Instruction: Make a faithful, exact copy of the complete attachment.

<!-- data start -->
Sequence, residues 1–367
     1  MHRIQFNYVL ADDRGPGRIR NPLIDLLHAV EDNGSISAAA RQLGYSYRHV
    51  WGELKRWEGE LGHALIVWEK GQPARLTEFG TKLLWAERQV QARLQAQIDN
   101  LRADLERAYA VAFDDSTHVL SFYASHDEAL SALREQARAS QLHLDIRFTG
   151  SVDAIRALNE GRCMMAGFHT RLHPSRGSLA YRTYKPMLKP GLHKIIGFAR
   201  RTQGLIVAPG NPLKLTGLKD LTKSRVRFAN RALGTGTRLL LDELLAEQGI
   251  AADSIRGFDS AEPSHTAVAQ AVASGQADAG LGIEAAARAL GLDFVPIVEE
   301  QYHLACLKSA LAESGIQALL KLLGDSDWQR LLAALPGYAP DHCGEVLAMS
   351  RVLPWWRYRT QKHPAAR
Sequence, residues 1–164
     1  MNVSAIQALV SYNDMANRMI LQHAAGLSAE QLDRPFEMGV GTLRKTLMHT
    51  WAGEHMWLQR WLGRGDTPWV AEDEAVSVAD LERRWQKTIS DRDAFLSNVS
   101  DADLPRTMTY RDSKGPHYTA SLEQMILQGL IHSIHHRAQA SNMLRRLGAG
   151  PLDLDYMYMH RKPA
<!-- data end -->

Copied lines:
Sequence, residues 1–367
     1  MHRIQFNYVL ADDRGPGRIR NPLIDLLHAV EDNGSISAAA RQLGYSYRHV
    51  WGELKRWEGE LGHALIVWEK GQPARLTEFG TKLLWAERQV QARLQAQIDN
   101  LRADLERAYA VAFDDSTHVL SFYASHDEAL SALREQARAS QLHLDIRFTG
   151  SVDAIRALNE GRCMMAGFHT RLHPSRGSLA YRTYKPMLKP GLHKIIGFAR
   201  RTQGLIVAPG NPLKLTGLKD LTKSRVRFAN RALGTGTRLL LDELLAEQGI
   251  AADSIRGFDS AEPSHTAVAQ AVASGQADAG LGIEAAARAL GLDFVPIVEE
   301  QYHLACLKSA LAESGIQALL KLLGDSDWQR LLAALPGYAP DHCGEVLAMS
   351  RVLPWWRYRT QKHPAAR
Sequence, residues 1–164
     1  MNVSAIQALV SYNDMANRMI LQHAAGLSAE QLDRPFEMGV GTLRKTLMHT
    51  WAGEHMWLQR WLGRGDTPWV AEDEAVSVAD LERRWQKTIS DRDAFLSNVS
   101  DADLPRTMTY RDSKGPHYTA SLEQMILQGL IHSIHHRAQA SNMLRRLGAG
   151  PLDLDYMYMH RKPA